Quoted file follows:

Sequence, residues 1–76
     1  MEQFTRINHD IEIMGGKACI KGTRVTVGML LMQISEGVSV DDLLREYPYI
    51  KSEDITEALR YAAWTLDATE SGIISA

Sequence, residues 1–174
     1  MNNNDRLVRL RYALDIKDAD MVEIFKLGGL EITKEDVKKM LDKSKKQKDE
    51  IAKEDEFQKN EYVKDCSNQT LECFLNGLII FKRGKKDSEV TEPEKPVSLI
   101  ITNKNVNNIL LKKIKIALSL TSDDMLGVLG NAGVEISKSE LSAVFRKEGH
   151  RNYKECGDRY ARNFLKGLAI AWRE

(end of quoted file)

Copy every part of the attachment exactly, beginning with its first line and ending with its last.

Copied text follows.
Sequence, residues 1–76
     1  MEQFTRINHD IEIMGGKACI KGTRVTVGML LMQISEGVSV DDLLREYPYI
    51  KSEDITEALR YAAWTLDATE SGIISA

Sequence, residues 1–174
     1  MNNNDRLVRL RYALDIKDAD MVEIFKLGGL EITKEDVKKM LDKSKKQKDE
    51  IAKEDEFQKN EYVKDCSNQT LECFLNGLII FKRGKKDSEV TEPEKPVSLI
   101  ITNKNVNNIL LKKIKIALSL TSDDMLGVLG NAGVEISKSE LSAVFRKEGH
   151  RNYKECGDRY ARNFLKGLAI AWRE